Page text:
Day 12: Torres de Paine National Park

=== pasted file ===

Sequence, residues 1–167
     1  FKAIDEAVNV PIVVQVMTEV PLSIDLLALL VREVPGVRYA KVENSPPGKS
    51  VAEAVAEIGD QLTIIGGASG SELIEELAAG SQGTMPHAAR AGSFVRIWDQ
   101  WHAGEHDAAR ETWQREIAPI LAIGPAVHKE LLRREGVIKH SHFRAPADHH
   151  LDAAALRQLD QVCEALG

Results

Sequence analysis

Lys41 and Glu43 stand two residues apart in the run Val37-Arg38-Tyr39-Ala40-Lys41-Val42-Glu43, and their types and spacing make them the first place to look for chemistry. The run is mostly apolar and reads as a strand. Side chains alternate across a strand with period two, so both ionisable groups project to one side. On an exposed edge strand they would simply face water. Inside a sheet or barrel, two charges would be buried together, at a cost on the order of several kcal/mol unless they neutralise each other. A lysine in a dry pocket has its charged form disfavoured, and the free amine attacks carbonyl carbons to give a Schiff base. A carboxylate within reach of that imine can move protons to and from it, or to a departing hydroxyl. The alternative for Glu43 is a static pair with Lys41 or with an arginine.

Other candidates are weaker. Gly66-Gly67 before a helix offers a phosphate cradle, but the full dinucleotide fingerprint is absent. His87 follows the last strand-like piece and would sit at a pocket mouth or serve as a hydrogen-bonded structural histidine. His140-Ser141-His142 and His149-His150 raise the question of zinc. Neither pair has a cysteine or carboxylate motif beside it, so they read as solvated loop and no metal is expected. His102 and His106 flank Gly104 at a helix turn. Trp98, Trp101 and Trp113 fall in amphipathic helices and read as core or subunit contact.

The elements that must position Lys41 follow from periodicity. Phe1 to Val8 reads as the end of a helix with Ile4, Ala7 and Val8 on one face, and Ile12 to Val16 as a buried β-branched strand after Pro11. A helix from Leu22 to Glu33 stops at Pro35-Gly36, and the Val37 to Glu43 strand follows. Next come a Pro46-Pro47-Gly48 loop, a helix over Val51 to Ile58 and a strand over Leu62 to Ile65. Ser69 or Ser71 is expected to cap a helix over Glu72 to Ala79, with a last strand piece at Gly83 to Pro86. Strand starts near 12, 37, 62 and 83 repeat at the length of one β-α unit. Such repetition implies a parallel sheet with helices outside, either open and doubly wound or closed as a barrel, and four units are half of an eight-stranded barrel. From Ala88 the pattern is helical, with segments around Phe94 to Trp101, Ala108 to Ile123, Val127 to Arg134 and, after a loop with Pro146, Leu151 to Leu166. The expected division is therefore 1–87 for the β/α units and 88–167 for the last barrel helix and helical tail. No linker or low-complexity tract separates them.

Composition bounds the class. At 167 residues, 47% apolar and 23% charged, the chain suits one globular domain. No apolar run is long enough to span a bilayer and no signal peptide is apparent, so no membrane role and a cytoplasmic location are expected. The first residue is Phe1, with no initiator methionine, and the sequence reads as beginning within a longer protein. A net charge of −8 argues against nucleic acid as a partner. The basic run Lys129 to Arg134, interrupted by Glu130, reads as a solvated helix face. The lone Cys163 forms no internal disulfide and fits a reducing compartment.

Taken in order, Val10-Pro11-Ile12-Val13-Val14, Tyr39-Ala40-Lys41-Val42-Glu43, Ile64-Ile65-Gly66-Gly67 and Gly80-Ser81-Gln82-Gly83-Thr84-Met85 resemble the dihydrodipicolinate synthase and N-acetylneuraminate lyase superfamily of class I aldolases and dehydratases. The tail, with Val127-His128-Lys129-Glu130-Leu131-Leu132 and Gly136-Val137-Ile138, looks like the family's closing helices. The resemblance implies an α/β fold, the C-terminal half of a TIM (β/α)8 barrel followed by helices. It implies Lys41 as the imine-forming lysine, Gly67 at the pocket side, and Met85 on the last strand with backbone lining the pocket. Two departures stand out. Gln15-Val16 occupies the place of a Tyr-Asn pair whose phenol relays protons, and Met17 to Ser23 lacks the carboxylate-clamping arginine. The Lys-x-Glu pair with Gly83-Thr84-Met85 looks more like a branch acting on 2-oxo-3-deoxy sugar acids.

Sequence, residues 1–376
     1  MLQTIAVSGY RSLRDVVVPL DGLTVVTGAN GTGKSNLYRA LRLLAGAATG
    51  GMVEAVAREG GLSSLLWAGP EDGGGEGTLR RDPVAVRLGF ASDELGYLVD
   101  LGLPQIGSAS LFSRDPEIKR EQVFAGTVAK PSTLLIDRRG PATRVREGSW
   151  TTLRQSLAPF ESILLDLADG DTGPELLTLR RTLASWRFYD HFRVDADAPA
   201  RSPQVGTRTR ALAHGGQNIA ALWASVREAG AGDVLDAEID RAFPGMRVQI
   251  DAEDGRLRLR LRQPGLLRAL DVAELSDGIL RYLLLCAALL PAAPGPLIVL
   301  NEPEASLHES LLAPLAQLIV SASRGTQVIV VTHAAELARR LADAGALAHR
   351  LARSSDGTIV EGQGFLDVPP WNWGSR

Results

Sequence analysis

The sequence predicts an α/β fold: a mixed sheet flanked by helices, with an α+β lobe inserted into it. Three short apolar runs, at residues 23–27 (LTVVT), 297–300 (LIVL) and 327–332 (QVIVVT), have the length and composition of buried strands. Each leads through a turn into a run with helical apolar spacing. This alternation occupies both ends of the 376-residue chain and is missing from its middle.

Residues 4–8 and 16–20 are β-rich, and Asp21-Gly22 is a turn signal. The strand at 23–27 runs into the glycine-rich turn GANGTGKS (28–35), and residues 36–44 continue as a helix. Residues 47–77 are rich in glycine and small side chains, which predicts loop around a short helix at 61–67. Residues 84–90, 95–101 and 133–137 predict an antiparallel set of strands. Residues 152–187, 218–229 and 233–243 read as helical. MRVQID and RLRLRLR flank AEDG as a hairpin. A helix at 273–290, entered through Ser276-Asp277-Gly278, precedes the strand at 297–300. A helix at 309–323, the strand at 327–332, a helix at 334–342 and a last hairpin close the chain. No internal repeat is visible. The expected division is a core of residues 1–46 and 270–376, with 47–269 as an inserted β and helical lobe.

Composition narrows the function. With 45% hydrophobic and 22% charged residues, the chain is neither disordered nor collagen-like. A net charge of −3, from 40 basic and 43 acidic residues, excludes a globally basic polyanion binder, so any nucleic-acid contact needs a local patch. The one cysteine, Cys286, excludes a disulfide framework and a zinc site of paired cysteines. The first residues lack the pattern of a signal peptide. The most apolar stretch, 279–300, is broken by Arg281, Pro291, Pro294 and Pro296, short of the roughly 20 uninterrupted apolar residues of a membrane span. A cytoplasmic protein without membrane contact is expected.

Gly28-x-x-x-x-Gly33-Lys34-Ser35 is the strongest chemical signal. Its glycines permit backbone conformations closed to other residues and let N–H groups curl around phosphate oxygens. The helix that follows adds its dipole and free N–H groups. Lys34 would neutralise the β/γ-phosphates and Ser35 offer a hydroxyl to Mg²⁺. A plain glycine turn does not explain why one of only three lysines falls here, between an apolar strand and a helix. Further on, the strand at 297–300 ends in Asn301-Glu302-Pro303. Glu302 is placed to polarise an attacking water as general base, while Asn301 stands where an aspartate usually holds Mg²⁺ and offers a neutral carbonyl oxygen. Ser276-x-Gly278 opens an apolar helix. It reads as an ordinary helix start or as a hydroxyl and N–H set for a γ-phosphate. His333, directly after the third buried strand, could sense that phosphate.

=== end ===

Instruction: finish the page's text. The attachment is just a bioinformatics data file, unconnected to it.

We traveled today that is said tobe one of the most remote and beautiful places in the world. Not many people visit Idaho, the Sawtooths and the White-clouds, either so the comment is a little off. Non-the-less, this is a spectacular place with water galore, lakes of various sizes and colors, and turquoise colored rivers, rugged snow-caped mountains, glaciers, and flowing fields of grass. The weather is also out-of-this-world. We were never sure what the wind would allow us to do. We had to abandon our first hike after 100 yards when the wind gusts blew us off the trial at 60 to 80 knots. Didn’t think we’d make it back to the bus. The 2 days and nights we were there, it never stopped. We did take a boat cruise to the Lago Grey Glacier on a cold blowy morning. Some of the boats had to cancel the afternoon before because the winds were too strong. We were lucky they had let up enough so ours wasn’t canceled. On the way up the lake we faced into the wind and the waves crashed over the bow to the point we could not see out the front windows. It was interesting when we got in the lee of glacier, the wind died down in a more protective area and we could get out on deck and enjoy the color and size of this huge mass of ice and snow that had 3 fingers. On our drives to find places to hike, we saw Flamingos, Rheas (an ostrich-like bird), Condors, Hvemuls (a small-pronghorn deer), Guanaco (a relative of the camel), and many water birds. This is a place where wind blows most of the time so hard you can hardly stand and blowing rain that stings the face.. We just wish we could have enjoyed this delightful place without the wretched wind. Two buses and a car were blown over shortly before we left the park. They weren’t ours, but the gusts felt like it could have been.